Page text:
What I'm Carrying With Me Out There

For me, one of the great aspects of the backpacking life, is the freedom you feel when you only have what you can carry on your back. I get asked what I have on mine quite a bit, so below you'll find a list.

The advice below is mostly for new hikers, or people just curious about what I take, because with experience your gear will be modified and minimized until it is unique to your own comforts and needs. Mine certainly has evolved over the years. Nevertheless, I hope my list can help out a new hiker, perhaps save them some money, or give new ideas to a seasoned pro to consider or criticize.

With new ideas, products, and materials becoming available every year, adapting your gear list is a never-ending process, so please feel free to email me your ideas or advice at grayson.ryan@gmail.com, or post a comment below. I will never learn enough, so this page will change as I change.

Click on an item below to get more information.

► Backpack - Kind of essential to carrying all my belongings on my back.
► Backpack Liner - Two Trash Compactor Bags, to keep my gear dry and as a ground cloth for a tent
► Shelter - One of two hammocks with a rain tarp, or a lightweight solo tent, depending on where I'm hiking.
► Sleeping Pad - For warmer, more comfortable sleep
► Sleeping Bag - One of two bags, depending on weather
► Cooking Supplies
► Food Bag/Bear Canister - To keep my food contained and safe from wildlife
► Water Treatment and Containers
► Clothing
► First Aid Kit
► Zip Lock Bag for Laundry
Bandanna - Tons of uses. Probably the most versatile thing in my pack.
Headlamp - with an extra set of batteries
► Zip-Lock Wallet - With a credit card, debit card, cash, photo ID, and health insurance card.
► Mini Bic Lighter - They are easier and more convenient than matches, and it lasts me a very long time.
Matches - Good to have a backup.
► Kindle - I keep it inside a zip-lock bag and a homemade foam protective sleeve. If I'll be on a long distance hike with a resupply, I take the charger as well. I can carry hundreds of books, maps, first aid and survival information, and any document I created myself. And it never weighs more than 7 oz. The battery can last a couple weeks on a charge.
► Cell Phone
- with Extra Batteries and a set of ear buds. I take short charging cable if on a long distance hike with a resupply.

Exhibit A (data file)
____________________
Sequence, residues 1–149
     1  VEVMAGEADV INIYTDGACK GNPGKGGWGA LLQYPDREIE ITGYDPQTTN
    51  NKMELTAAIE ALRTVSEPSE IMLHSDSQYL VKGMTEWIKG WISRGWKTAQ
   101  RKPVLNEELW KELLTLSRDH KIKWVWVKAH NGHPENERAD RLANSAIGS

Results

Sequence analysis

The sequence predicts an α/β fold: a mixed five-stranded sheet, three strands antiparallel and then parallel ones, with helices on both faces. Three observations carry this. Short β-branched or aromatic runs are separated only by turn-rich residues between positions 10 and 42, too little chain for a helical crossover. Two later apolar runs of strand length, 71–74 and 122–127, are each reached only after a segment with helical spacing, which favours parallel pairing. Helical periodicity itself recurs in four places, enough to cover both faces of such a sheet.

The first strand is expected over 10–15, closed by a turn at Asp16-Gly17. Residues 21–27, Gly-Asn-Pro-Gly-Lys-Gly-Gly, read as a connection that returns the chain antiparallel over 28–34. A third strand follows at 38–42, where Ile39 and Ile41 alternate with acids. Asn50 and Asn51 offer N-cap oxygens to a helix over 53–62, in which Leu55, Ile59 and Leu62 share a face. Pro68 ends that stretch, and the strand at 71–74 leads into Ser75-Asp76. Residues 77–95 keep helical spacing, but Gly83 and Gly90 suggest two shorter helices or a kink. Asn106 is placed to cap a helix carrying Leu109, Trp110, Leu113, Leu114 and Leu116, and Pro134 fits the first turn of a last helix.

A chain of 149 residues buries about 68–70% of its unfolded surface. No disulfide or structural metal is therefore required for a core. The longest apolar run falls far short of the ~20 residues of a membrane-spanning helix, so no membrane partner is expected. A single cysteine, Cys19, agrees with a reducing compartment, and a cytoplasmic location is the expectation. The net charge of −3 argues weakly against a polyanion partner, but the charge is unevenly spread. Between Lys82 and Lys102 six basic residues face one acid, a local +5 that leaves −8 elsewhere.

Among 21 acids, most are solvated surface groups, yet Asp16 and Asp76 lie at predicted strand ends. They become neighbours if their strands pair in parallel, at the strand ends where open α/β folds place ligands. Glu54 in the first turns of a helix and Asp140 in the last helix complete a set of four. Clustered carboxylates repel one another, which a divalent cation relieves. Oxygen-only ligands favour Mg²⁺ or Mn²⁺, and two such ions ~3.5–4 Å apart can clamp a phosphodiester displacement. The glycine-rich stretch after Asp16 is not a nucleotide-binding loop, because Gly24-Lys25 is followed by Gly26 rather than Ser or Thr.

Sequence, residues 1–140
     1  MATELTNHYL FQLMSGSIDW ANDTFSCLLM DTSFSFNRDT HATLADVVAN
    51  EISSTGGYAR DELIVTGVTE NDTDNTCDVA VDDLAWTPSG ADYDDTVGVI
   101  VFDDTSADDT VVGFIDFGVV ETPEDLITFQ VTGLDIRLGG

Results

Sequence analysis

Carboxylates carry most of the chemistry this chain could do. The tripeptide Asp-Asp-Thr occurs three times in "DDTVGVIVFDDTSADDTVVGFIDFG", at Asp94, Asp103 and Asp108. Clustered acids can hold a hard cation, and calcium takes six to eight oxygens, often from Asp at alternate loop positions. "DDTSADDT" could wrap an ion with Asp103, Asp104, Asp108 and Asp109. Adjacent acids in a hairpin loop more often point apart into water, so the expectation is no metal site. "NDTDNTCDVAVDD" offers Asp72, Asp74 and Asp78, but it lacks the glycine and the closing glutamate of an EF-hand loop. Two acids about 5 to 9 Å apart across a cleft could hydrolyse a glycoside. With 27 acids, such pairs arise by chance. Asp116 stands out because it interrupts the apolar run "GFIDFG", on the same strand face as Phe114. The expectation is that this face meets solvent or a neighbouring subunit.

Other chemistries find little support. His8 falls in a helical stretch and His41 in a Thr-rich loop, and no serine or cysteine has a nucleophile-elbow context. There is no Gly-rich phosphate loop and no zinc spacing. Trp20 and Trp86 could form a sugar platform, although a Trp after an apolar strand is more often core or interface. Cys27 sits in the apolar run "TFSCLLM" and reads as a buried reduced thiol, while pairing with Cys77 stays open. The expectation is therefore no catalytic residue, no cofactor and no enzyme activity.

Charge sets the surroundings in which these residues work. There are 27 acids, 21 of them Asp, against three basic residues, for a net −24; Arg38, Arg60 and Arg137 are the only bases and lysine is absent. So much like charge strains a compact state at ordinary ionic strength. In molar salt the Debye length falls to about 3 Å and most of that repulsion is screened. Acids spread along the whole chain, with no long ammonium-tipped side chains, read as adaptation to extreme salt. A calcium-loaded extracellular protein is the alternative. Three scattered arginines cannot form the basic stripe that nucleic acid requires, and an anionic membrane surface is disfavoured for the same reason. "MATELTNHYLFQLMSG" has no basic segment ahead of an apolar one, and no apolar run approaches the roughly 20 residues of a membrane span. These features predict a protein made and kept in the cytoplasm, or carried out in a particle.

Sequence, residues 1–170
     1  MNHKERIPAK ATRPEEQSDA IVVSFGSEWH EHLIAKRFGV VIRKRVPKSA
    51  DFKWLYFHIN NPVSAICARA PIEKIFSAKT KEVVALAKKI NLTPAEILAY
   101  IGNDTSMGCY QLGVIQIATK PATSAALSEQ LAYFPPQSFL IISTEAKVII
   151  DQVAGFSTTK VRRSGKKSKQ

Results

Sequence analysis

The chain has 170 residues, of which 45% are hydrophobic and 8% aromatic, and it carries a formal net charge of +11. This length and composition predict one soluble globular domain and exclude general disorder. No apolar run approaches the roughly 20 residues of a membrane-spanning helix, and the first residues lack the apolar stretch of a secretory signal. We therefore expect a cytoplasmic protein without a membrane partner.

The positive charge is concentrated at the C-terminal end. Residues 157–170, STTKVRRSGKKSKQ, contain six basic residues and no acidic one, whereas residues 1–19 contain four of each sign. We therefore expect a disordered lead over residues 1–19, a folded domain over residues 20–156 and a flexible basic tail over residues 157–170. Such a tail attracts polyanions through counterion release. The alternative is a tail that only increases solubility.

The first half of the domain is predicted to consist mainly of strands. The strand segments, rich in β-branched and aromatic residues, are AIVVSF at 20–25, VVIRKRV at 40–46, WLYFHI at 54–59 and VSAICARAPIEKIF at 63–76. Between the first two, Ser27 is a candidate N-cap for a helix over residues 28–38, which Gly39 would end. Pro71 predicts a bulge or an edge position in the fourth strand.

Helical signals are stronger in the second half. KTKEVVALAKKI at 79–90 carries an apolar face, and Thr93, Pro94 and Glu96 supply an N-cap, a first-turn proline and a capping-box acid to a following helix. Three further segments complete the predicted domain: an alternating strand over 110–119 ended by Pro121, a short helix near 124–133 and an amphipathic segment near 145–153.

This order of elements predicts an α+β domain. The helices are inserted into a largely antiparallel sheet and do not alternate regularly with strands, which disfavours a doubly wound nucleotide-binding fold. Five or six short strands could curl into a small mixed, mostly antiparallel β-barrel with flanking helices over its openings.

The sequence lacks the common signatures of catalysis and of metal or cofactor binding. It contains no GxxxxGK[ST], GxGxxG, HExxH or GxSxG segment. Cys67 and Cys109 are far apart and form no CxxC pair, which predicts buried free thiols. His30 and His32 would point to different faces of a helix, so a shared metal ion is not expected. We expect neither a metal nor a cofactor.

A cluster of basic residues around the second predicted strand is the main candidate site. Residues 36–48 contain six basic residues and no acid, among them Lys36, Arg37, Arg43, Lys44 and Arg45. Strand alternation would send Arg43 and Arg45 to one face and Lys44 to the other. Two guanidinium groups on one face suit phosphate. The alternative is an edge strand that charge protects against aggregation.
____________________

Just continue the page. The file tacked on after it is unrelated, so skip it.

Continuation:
► 40' of rope - I use paracord, mostly to hang a bear bag at night.
► 15' of braided mason's cord
-  Strong for it's weight. I use this mostly as clothes line, but it comes in handy for other purposes too, like tying water bottles together when going to fill them up, lashing sticks together for making a variety of things, or to repair a broken guy line on a tent or rain tarp.
► Toilet Paper
- Kept in a zip-lock bag. It's better than leaves, and makes a fantastic fire starter.
► Bug Repellent
- 100% DEET in an eyedropper bottle goes a long way. Just a dab on the back of my neck, wrists, and ankles. Nothing repels bugs completely, but it helps. DEET may dissolve some plastics, rayon, spandex, other synthetic fabrics, so I apply with a plastic baggie turned inside out. I ruined a raincoat with DEET on the back of my neck, so I wipe off my neck if putting a rain coat on (mosquitoes aren't a problem in rain anyway). This doesn't necessarily mean it's bad on your skin though. Vodka and Coke can dissolve a number of things too, but it's not harmful to the skin. Like all things, follow directions, wash off at the end of the day, and use in moderation.
► Camera - with extra SD cards, lens cleaning cloth, extra batteries, charger if on a long trip, and mini Gorilla Grip tripod.
► Journal and Pen - I just use a Pilot G2 ink refill as a pen. It's lighter and fits in my pocket better. I use a heat shrink tube to give it a nice feel. I write a lot.
► Map or Guidebook

► Compass
- I only take one if going off trail, or if a trail may not be marked well. I can always use the compass app on my cell phone as a backup, and some knowledge about the sun and stars.
► Safety Pins
- For hanging wet clothes onto my pack or on a clothes line to dry if wind might blow them off. Also, they may come in handy for gear repair someday.
► Knife or Razor Blade
- If in the middle of nowhere, or backpacking off trail, a good knife is probably the most essential survival tool you can carry. I'm usually on a well-marked trail though, and needing one for survival is unlikely, so to save weight, I'll just put a razor blade in my box of matches. I rarely need to cut anything bigger than what a razor blade can handle. 
► A Few Extra Zip-lock bags - I always find a use for them. Mostly used for waterproofing, food storage, and organizing.
► Trekking Poles - With some handy duct tape wrapped around them.

That's it. It's amazing what you can live without.


A Backpacker's Life Listt by Ryan Grayson is licensed under a
Creative Commons Attribution-NonCommercial-NoDerivs 3.0 Unported License.